Critical musings: modern vampires

…as late as 1922 a senior and well-respected doctor in the United States suggested that a woman who desired sexual intercourse more than “once in two weeks or ten days” was a danger to her husband: “It is to her that the name vampire can be applied in its literal sense. –Gothic Configurations of Gender.

Can’t make this stuff up.

Thinking and Feeling: Maggie Nelson’s The Argonauts and Kate Zambreno’s Heroines

The New Yorker review on the back of The Argonauts says “Thinking and feeling are, for Nelson, mutually necessary processes; the result is an exceptional portrait of both a romantic partnership and of the collaboration between Nelson’s mind and heart.” I think that connection– thinking and feeling in concert, not opposition–is what so appeals to me about these books. They reconceptualize the mind vs. body dichotomy of Western philosophy, using the privileged category of the abstract mind (theoretical analysis of language and society and gender) to interrogate and understand the very personal (messy relationships and uncomfortable impulses and inexplicable emotions). I love this kind of thinking because that’s what I do in my life– perhaps not as eloquently or as coherently as either of these two authors, but that urge to understand the why of the self is powerful. And since I love theory, and on some level I trust theory, that’s the medium I use to try to understand.

512teymmkwl-_sy344_bo1204203200_The Argonauts, Maggie Nelson

First off, what’s up with the title? Assuming you have the exact blend of ignorance/information that I have, here’s what you know: the Argonauts, Jason, Golden Fleece, Medea…. so you’d be justified in thinking a book titled The Argonauts is a retelling of a myth, in the nature of Margaret Atwood’s Penelopiad, which tells the story of Penelope, she of the wandering husband Odysseus, complete with Greek chorus of slaughtered maidens. (Confused? Read the book. It’s excellent.)

But The Argonauts— Nelson explains the title, which is a complicated analysis of the use of language by Roland Barthes:

A day or two after my love pronouncement, now feral with vulnerability, I sent you the passage from Roland Barthes by Roland Barthes in which Barthes describes how the subject who utters the phrase “I love you” is like “the Argonaut renewing his ship during its voyage without changing its name.” Just as the Argo‘s parts may be replaced over time but the boat is still called the Argo, whenever the lover utters the phrase “I love you,” its meaning must be renewed by each use, as “the very task of love and of language is to give to one and the same inflections which will be forever new.”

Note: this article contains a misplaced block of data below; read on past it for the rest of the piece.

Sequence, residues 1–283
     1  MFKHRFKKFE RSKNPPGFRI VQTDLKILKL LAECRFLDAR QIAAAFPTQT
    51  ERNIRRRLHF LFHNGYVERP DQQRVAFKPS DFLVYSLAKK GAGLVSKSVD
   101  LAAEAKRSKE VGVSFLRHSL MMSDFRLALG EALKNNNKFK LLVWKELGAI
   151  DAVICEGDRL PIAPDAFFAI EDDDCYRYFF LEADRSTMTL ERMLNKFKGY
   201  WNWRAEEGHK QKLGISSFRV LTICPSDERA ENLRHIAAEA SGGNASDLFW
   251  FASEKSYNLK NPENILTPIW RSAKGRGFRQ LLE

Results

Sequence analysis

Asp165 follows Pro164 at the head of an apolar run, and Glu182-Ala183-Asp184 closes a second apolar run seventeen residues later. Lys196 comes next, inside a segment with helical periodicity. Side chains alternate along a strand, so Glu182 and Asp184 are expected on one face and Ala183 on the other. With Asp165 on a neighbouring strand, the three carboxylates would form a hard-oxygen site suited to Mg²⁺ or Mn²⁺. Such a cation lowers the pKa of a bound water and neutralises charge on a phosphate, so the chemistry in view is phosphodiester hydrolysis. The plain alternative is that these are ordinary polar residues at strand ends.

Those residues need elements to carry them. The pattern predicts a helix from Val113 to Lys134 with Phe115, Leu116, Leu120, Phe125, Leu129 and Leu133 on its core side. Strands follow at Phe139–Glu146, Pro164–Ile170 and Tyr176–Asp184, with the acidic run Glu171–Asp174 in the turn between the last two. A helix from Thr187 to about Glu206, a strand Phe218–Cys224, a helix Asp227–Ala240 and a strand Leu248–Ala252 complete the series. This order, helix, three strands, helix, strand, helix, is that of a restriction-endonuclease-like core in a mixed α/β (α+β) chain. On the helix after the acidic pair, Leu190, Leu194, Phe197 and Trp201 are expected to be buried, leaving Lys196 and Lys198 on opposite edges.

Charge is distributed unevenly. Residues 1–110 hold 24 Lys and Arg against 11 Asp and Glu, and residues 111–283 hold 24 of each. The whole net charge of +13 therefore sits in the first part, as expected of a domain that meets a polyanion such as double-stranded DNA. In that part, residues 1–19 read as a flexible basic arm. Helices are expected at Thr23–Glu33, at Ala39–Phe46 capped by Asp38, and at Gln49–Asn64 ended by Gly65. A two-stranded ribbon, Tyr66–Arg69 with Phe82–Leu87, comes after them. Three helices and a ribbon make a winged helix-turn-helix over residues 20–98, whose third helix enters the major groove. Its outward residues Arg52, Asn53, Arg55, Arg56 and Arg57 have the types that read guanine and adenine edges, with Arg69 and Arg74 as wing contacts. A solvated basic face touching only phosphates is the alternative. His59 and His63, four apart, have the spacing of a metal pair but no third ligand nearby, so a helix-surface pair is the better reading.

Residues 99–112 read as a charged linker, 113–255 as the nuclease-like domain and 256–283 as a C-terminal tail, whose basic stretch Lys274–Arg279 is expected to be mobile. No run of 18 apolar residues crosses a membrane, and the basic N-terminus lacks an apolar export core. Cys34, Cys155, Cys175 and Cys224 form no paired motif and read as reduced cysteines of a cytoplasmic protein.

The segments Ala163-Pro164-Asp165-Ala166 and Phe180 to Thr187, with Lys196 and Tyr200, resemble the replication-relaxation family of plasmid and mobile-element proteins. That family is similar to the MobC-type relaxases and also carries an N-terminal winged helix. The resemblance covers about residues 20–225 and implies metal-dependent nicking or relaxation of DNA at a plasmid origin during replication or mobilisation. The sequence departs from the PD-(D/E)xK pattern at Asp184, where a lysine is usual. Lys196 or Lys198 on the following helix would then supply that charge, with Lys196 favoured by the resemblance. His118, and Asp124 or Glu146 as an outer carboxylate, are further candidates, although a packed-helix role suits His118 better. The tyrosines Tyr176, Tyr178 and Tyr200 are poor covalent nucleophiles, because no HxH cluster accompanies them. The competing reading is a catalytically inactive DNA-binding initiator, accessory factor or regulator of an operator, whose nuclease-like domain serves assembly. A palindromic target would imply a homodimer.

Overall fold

I thought the passage was romantic. You read it as a possible retraction. In retrospect, I guess it was both.

So love is both a personal and immediate declaration, but it’s also an acknowledgement of your place in the structure of human emotions and the way we use language, and the way the word or the concept, in some way, inevitably transcends the immediate experience. But by using the word, we stitch ourselves into the narrative, so to speak.

I read this book as an extended meditation on integrity– not the moral kind, but in the more archaic sense of wholeness. What does it do to your identity– your personal coherence, shall we say– when you fall in love? (What do we mean by “fall in love?”) When you have sex? When you get married?  When you get pregnant? When you give birth? If we define the self by the borders of our body, when do we think of these borders as being permeable, and what does that do to our sense of self?

IMG_0206One of my favorite things about this book is the constant references to theorists. See those (very tiny) names in the margins? Those are the names of theorists from whose ideas she’s building on in the paragraph. On this page she references Eve Kosofsky Sedgwick, Mary Lambert, Susan Fraiman, and Lee Edleman; other pages cite Wittgenstein, Butler, Deleuze, Foucault… anybody you’ve ever read in an intro to theory class. I quite like this form of hat tip, but not citation– new thinking is most often built on old, either in reaction to or extension of, and this is just a very elegant way of attribution without getting bogged down. I think. Down side is that if you wanted to read more of such and such particular idea, it would take some work to locate. And random aside, which is neither a pro or a con: the further in my education I get, the more I feel like people are writing for my precise level of education. I’m guessing this is more an example of the Baader-Meinhof Phenomenon, and not actually the stars acting in alignment, but I’m reserving judgment.


Heroines, Kate Zambreno

In Heroines, Kate Zambreno interprets her life through the nearly invisible lives of the modernist wives and muses. She talks about “Vivienne Eliot, Jane Bowles, Jean Rhys, and Zelda Fitzgerald: writers and artists themselves who served as male writers’ muses only to end their lives silenced, erased, and institutionalized” (from the Amazon review).